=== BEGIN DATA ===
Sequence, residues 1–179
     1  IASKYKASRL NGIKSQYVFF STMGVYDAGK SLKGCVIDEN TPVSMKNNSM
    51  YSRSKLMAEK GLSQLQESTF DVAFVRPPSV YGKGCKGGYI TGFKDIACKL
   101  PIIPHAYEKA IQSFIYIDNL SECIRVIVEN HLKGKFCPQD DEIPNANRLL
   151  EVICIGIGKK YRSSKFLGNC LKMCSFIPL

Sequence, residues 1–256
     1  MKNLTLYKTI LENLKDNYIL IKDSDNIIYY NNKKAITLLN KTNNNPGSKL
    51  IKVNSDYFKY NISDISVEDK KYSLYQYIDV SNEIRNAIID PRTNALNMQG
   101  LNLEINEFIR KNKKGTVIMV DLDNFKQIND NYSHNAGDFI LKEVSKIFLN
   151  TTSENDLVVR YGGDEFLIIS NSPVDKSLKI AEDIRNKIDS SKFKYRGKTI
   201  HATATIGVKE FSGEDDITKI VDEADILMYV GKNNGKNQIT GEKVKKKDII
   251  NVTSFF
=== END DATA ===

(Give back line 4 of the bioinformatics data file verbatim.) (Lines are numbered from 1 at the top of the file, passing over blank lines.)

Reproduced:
   101  PIIPHAYEKA IQSFIYIDNL SECIRVIVEN HLKGKFCPQD DEIPNANRLL